of its military officers for alleged hacking, saying it has evidence its
companies have also been hacked. Online attacks from a “specific
country” have targeted Chinese companies, its military and important
websites, Ministry of National Defense spokesman Geng Yansheng said.
Geng didn’t specify the country in remarks posted on the ministry’s
today in response to a question about the indictment.
Bond Surge Worldwide Drives Index Yield to One-Year Low. A worldwide bond-market surge pushed
yields to the lowest levels in a year on growing evidence
central banks can keep stimulating economic growth without
igniting inflation. Treasury 10-year note yields fell to the least
A rally yesterday drove the yield on the Bloomberg Global Developed
Sovereign Bond Index to 1.28 percent, the lowest since May 2013.
Australia’s (GACGB10) 10-year yield dropped to an 11-month low, Japan’s
slid to the least in 12 months, while European bond yields were close to
the lowest since the formation of the region’s shared currency. The U.S. sold $29 billion of seven-year notes at the lowest yield since October.
Copper Drops From 11-Week High AMid Demand Concerns.
Copper fell from an 11-week high in
London on signs of slowing economic growth in China and the U.S., the
biggest users of the metal. U.S. gross domestic product fell at a 1
percent annualized rate in the first quarter, a bigger drop than
economists surveyed by Bloomberg projected, government figures showed
today. A purchasing managers index due later this week may show
little acceleration this month in Chinese manufacturing after
the gauge grew less than estimated in April. Copper has lost 6.4
percent this year amid signs of slowing economies.
Obama Seeks Climate Legacy as Coal-State Democrats Cringe.
Obama now is set to release new limits on greenhouse gas emissions by
power plants as early as next week. That comes atop the unveiling of a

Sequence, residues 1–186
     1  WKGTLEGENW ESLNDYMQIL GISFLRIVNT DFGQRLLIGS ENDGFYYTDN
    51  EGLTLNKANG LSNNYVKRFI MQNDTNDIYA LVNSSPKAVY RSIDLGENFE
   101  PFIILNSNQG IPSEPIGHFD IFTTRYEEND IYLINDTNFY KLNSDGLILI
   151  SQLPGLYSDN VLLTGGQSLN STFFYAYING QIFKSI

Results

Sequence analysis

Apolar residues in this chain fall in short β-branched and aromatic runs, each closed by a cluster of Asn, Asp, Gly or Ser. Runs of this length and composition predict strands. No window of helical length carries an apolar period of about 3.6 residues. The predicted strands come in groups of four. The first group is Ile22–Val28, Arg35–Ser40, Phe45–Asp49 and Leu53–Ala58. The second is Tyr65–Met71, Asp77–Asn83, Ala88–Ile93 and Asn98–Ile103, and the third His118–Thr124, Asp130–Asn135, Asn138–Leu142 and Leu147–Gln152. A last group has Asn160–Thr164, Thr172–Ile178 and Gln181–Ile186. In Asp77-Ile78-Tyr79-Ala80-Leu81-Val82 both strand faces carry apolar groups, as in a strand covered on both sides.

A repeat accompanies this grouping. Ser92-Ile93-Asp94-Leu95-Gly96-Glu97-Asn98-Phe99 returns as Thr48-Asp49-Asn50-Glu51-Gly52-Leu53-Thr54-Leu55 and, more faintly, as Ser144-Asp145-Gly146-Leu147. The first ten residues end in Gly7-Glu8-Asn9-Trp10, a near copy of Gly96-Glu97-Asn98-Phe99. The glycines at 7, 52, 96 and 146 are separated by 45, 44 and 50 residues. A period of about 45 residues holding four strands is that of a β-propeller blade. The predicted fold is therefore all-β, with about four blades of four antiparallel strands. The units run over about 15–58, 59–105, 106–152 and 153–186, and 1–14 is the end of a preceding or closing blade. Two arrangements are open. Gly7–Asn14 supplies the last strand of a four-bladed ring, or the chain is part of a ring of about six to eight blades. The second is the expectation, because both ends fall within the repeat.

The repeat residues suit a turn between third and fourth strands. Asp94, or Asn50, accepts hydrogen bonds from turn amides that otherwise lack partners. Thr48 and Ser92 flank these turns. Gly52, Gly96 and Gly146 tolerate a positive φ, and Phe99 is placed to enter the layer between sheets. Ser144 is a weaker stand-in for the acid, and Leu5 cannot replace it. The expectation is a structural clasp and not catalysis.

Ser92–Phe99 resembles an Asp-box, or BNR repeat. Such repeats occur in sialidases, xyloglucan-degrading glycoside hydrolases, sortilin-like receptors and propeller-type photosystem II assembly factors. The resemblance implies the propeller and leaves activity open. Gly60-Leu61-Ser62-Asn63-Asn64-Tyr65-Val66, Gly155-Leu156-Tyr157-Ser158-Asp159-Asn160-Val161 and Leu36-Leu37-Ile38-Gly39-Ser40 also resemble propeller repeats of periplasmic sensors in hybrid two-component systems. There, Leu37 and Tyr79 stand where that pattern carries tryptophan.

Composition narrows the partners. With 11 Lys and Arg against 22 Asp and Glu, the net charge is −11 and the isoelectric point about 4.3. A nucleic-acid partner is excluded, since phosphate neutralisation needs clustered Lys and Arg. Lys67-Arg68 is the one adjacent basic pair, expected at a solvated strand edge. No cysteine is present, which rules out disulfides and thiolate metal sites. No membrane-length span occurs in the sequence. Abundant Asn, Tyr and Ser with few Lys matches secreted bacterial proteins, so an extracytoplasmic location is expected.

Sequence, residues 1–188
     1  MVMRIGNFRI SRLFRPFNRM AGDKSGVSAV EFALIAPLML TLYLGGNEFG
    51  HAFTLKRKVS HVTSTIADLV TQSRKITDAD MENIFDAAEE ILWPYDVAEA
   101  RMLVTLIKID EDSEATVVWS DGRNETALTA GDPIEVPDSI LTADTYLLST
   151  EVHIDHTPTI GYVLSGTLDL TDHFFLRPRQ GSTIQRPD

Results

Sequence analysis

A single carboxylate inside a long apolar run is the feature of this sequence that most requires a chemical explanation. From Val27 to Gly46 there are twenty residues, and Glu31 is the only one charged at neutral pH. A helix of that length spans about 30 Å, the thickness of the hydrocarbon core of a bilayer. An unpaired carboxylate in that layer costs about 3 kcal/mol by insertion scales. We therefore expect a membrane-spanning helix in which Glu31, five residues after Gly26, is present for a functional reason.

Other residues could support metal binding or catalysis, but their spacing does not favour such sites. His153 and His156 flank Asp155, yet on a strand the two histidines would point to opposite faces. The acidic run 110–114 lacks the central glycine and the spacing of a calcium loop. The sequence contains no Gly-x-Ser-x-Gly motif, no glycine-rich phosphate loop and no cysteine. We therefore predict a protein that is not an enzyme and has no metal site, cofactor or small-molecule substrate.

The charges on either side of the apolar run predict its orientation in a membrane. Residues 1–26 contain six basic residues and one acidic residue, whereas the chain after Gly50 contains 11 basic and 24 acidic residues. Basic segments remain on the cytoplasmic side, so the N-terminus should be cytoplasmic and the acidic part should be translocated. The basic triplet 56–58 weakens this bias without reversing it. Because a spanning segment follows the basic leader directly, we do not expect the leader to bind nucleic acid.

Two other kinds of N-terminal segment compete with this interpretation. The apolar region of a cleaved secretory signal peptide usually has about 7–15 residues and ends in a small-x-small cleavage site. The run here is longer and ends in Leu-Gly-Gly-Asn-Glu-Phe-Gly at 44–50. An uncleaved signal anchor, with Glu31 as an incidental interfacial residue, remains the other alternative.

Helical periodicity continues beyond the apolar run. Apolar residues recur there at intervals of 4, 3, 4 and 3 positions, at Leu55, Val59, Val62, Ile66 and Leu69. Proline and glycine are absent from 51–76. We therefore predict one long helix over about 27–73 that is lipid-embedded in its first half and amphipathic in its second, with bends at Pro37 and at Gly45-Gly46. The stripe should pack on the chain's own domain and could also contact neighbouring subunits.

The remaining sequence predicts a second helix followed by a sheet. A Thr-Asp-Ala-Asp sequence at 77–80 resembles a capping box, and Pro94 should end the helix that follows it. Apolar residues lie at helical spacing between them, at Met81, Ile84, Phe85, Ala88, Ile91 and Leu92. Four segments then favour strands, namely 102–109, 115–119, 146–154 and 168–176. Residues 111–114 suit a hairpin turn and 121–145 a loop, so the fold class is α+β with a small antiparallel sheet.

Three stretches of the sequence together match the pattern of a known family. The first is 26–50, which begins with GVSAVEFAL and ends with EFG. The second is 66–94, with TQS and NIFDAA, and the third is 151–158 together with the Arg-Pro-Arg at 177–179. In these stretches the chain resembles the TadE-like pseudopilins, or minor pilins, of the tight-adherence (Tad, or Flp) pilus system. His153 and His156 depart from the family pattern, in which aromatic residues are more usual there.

National Climate Assessment in May and executive actions including
renewable fuels and building better defenses against extreme weather. Liberated from re-election politics, he’s freer to speak about the
challenges of a warming planet and is using his bully pulpit to create
urgency on an issue that most Americans rank as a low priority, the
aides said. The expansive action is alarming some in the business community, who say the administration’s policies will hurt the economy. “This administration is setting up the next energy crisis in this
country,” said Laura Sheehan, a spokeswoman for the American Coalition
for Clean Coal Electricity in Washington. “They’re not looking at the
long-term consequences.” Obama also faces push-back from some
within his own party, who warn that tighter regulations could hamper
Democratic candidates in areas where coal is a major source of jobs.
Democrats in Kentucky and West Virginia already are distancing
themselves from the president’s energy policies, highlighting their
opposition to a “war on coal” on the campaign trail.
Consumer Comfort in U.S. Falls to Lowest Level Since November. Consumer confidence declined last week to the lowest level
since November as Americans’ views of their finances and the buying
climate weakened. The Bloomberg Consumer Comfort Index fell to
33.3 in the period ended May 25 from 34.1 the prior week. A measure of
personal finances retreated for the third time in four weeks, and a
gauge of whether this is a good time to buy goods and services dropped
to the lowest point since mid-February.
Credit Trader’s Shift to Rates Shows Where Anxieties Lie. Rate derivatives have become more popular than ever for wagering on